Zhao, B., Castañeda, I.S., Salacup, J.M., Thomas, E.K., Daniels, W.C., Schneider, T., de Wet, G.A., Bradley, R.S. (2022). Prolonged Drying Trend Coincident with the Demise of Norse Settlement, Southern Greenland. Science Advances. doi:

Zhao, B., Castañeda, I.S., Bradley, R.S., Salacup, J.M., de Wet, G.A., Daniels, W.C., Schneider, T. (2021). Development of an in-situ branched glycerol dialkyl glycerol tetraether (brGDGT) calibration in Lake 578, southern Greenland. Organic Geochemistry. doi:

Lake sediments as paleo climatic and environmental history archives - Case studies from Ecuador and Switzerland (Dissertation/ PhD Thesis)

In 2018, I obtained my PhD at the Oeschger Centre for Climate Change Research (OCCR), University of Bern, Switzerland supervised by Prof. Dr. Martin Grosjean. We investigated chronologically-well constrained lake sedimentary records of seven lakes at different altitudes located in the Cajas National Park, Ecuador, as well as a record from the Ponte Tresa basin of Lake Lugano, Switzerland. We applied a range of methods to reconstruct local eutrophication (green pigments, Lake Lugano), anthropogenic pollution (heavy metals, and polycyclic aromatic compounds, Ecuador), climate (ENSO, Lake Pallcacocha), and additionally established a tephrochronology for the studied lakes in Cajas Nationalpark.

Schneider, T., Bandowe, B.A.M., Bigalke, M., Mestrot, A., Hampel, H., Mosquera, P.V., Fraenkl, L., Wienhues, G., Vogel, H., Tylmann, W., Grosjean, M. (2021). 250-year records of mercury and trace element deposition in two lakes from Cajas National Park, SW Ecuadorian Andes. Environmental Science and Pollution Research. doi:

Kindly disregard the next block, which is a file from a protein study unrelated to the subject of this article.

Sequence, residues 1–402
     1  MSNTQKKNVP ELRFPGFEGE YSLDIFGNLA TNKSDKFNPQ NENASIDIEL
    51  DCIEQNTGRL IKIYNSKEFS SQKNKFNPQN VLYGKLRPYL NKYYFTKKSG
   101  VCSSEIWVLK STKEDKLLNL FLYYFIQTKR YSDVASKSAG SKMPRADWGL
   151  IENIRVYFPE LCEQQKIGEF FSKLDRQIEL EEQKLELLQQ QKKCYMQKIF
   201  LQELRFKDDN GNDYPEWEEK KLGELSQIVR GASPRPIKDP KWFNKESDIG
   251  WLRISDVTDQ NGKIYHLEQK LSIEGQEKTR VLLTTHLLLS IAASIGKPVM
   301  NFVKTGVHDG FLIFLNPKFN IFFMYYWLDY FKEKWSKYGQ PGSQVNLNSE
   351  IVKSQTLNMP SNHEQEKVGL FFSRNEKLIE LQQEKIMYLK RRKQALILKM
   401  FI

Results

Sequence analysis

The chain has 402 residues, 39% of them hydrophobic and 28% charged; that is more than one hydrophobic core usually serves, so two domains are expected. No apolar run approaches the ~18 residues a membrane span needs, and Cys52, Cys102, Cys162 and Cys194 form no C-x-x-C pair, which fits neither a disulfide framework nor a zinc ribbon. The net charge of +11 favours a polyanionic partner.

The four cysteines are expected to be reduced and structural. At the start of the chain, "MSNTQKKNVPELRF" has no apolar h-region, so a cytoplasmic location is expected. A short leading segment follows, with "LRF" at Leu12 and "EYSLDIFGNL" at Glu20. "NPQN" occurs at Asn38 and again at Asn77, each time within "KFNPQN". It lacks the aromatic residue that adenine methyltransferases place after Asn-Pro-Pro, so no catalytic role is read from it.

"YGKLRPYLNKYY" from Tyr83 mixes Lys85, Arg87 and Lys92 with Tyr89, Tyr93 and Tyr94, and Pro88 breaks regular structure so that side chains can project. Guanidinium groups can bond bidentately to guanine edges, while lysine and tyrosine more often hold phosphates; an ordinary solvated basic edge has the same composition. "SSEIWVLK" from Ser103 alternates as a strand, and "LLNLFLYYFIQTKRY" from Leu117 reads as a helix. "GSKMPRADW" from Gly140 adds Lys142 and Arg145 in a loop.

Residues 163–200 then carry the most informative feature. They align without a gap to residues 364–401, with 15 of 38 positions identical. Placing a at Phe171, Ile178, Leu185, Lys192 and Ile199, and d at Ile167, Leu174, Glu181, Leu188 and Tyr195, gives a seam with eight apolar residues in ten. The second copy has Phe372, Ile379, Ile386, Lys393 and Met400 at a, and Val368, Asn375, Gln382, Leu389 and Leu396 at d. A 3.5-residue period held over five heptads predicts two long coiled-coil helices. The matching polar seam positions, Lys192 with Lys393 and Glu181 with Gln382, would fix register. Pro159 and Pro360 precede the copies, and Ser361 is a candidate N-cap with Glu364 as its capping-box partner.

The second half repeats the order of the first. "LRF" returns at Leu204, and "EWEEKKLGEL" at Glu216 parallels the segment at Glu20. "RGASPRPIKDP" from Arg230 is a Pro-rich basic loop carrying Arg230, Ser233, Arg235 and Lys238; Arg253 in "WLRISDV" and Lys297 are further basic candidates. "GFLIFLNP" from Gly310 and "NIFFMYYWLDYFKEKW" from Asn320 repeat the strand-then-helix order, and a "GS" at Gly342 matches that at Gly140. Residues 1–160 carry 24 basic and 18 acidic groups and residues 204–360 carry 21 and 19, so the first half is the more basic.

Arcusa, S. H., Schneider, T., Mosquera, P.V., Vogel, H., Kaufman, D., Szidat, S., Grosjean, M. (2020). Late Holocene tephrostratigraphy from Cajas National Park, southern Ecuador. Andean Geology 47(3), doi:

Schneider, T., Hampel, H., Mosquera, P.V., Tylmann, T., Grosjean, M. (2018). Paleo-ENSO revisited: Ecuadorian Lake Pallcacocha does not reveal a conclusive El Niño signal. Global and Planetary Change 168, p. 54-66, doi:

Schneider, T., Rimer, D., Butz, C., Grosjean, M. (2018). A high-resolution pigment and productivity record from the varved Ponte Tresa basin (Lake Lugano, Switzerland) since 1919: insight from an approach that combines hyperspectral imaging and high-performance liquid chromatography. Journal of Paleolimnology 60, p. 381-398, doi:

Bandowe, B. A. M., Fränkl, L., Grosjean, M., Tylmann, W., Mosquera, P. V., Hampel, H., Schneider, T. (2018). A 150-year record of polycyclic aromatic compound (PAC) deposition from high Andean Cajas National Park, southern Ecuador. Science of the Total Environment 621, p. 1652-1663, doi:

Climatic and environmental history of the past 1300 years based on multi-proxy sediment analyses from Laguna Escondida (38°S), Chilean Andes (Msc Thesis)

De Jong, R., Schneider, T., Hernández-Almeida, I., Grosjean, M. (2016). Recent temperature trends in the South Central Andes reconstructed from sedimentary chrysophyte stomatocysts in Laguna Escondida (1742 m a.s.l., 38°28 S, Chile). Global and Planetary Change 137, p. 24-34, doi: